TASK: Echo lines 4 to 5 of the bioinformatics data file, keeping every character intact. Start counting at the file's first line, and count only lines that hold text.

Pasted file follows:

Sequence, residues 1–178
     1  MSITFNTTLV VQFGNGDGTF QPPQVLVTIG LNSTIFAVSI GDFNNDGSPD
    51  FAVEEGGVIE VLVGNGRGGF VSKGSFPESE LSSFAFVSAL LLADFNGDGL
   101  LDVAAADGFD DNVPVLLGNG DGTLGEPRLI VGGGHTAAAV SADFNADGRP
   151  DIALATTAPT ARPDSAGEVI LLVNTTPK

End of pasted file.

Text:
   101  LDVAAADGFD DNVPVLLGNG DGTLGEPRLI VGGGHTAAAV SADFNADGRP
   151  DIALATTAPT ARPDSAGEVI LLVNTTPK